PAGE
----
bored man shopping

Even though I’m a woman, I have a man’s mindset when it comes to shopping. Most of the time, I loathe it – except when shopping for very specific leisure items – and count down the minutes until I can break for lunch. My heart pains for the lost and confused congregations of boyfriends and husbands eternally sitting on benches, or lone partners trailing the aisles while shooting longing glances towards the pub.

I empathise because of shared frustration for the same things: repetition, overwhelming variety of items that are 99% identical (yet different enough to merit consideration), and the sneaky feeling that something, or someone, is plotting against you ever leaving the store.

That feeling? Not only is it 100% accurate, but supported by clever marketers whose job it is to keep you wandering the racks for as long as possible. Those who joke about shopping being a woman’s sport don’t realise how correct they are. This reason alone is why men (and select group of ladies) hate shopping: it’s psychologically designed for women.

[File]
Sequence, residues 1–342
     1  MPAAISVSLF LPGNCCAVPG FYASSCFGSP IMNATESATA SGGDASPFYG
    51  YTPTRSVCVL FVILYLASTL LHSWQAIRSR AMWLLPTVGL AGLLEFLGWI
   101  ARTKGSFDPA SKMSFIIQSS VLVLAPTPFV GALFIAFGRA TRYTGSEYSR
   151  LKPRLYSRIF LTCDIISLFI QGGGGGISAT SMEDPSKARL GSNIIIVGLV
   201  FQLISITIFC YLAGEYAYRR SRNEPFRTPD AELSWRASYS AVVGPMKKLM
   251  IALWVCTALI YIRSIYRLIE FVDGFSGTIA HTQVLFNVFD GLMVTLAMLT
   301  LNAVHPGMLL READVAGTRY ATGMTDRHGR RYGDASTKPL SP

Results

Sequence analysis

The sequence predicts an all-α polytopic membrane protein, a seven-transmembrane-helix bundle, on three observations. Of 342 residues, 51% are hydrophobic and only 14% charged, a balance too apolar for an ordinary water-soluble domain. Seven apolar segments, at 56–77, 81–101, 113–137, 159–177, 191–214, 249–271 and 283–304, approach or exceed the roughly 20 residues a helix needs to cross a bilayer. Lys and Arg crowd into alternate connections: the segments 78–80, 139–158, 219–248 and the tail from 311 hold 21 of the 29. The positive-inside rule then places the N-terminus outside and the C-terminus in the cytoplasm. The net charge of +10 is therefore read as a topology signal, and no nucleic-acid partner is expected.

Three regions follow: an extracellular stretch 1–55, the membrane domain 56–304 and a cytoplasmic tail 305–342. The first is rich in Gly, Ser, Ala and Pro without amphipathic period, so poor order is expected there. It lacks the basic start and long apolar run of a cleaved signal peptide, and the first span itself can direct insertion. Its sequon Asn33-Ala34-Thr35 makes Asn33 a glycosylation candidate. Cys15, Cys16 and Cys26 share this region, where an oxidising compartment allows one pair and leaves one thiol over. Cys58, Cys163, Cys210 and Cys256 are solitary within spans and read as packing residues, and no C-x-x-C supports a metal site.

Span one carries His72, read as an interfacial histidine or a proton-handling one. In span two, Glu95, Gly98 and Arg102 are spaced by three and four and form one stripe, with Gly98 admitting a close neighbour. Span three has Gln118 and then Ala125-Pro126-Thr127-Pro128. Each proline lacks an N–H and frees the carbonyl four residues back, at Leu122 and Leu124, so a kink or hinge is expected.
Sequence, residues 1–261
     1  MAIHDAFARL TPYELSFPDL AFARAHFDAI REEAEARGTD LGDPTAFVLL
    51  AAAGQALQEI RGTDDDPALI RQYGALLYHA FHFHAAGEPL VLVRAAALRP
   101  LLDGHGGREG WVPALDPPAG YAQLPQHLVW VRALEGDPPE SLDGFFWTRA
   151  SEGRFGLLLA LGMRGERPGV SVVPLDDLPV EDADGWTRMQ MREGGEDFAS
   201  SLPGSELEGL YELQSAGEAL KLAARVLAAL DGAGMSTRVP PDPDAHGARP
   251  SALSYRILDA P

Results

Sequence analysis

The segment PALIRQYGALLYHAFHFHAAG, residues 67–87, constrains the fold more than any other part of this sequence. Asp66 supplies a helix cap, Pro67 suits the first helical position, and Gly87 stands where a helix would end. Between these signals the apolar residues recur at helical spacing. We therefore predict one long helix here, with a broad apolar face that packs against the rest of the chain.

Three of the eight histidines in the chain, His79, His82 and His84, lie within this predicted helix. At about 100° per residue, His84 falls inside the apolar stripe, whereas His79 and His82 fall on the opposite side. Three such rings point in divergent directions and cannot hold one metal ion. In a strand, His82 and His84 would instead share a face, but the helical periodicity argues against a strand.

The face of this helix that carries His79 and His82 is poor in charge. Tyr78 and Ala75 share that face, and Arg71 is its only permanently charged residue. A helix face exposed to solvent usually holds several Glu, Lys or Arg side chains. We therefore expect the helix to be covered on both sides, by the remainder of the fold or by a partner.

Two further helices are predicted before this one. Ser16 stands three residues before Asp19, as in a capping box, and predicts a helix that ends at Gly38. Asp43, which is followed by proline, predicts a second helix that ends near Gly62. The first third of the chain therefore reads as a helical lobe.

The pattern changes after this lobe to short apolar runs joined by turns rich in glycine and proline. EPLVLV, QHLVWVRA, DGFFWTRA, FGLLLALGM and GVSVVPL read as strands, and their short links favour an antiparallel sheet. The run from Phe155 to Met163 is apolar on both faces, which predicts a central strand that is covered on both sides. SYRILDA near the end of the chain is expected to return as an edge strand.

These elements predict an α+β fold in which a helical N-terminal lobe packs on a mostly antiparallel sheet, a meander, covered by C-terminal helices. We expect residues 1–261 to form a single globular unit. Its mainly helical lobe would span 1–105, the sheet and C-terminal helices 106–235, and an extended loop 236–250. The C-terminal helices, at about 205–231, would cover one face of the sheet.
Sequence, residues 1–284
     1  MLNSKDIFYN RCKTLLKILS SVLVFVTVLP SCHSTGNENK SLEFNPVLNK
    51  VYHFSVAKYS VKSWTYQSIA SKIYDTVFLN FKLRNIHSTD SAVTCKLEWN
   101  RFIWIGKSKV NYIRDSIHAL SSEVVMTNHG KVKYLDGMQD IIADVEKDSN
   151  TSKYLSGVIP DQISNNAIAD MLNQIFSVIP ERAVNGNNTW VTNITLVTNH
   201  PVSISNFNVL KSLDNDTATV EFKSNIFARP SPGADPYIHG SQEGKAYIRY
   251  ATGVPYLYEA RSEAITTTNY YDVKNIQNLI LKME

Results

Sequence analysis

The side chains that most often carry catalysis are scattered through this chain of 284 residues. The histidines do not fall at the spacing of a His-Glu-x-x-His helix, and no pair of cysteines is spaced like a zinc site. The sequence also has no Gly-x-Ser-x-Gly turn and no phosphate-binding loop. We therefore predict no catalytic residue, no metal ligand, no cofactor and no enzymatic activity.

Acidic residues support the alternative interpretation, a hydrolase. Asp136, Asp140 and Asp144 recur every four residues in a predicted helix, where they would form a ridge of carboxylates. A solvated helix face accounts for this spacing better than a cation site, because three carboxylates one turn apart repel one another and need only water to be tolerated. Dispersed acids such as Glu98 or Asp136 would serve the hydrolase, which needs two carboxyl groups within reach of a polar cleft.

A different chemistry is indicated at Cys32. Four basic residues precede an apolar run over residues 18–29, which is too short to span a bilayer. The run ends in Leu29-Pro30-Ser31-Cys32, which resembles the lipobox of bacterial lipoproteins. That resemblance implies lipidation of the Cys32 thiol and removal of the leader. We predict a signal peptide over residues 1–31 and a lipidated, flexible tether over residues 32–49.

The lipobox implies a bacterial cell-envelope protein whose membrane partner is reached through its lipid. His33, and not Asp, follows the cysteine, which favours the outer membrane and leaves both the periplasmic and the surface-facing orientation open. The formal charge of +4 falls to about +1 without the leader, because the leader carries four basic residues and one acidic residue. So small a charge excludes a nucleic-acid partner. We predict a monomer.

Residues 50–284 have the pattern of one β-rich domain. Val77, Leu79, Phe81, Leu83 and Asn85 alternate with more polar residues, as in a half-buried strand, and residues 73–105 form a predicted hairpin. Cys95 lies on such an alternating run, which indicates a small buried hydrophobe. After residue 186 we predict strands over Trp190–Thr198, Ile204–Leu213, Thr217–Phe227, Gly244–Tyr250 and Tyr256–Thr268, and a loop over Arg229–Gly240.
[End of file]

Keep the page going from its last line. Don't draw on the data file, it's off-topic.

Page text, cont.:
For example, it’s no accident that you have to walk halfway around a shop to find the lifts. The idea is that you’ll see more items while circumnavigating the floor, and be tempted to add more to your basket. Also, want to know why you’re sometimes handed carts as you pass though the entrance? It’s mental trickery: people are less likely to approach the checkout with a near-empty basket, and will throw in items they don’t even need to save embarrassment.

Right now, you men will be reading this and thinking, “Well, what’s embarrassing about that? Nothing.” And you’d be right. Common sense has no place in the world of retail, and for that reason, marketers will instead target the women in your lives in hopes of profit. (Seems incredibly sexist, doesn’t it? Unfortunately, it comes down to wiring. Men are typically logical thinkers, whereas women are drawn more easily into the emotional side of things – practically fuel for retailers).

Want to feel a bit more tricked? Other marketing techniques include: placing major items and brands in the centre of aisles so that, no matter what direction you came from, you have to walk past the most amount of stuff to reach them (counteracting the men’s “boomerang” approach to buying); adding baby powder or the smell of baking bread into the air conditioning to reassure or stimulate shoppers; installing carpets and mirrors to slow traffic (playing on vanity); and initiating “closing down sales” when shops have no intention of closing down at all.

I say all of this not to depress, divide, or demean you. I merely intend to educate – knowledge is key to ending mass consumerism. Do it for the congregations of tired, hungry, bewildered, and forgotten male souls of the world’s shopping malls.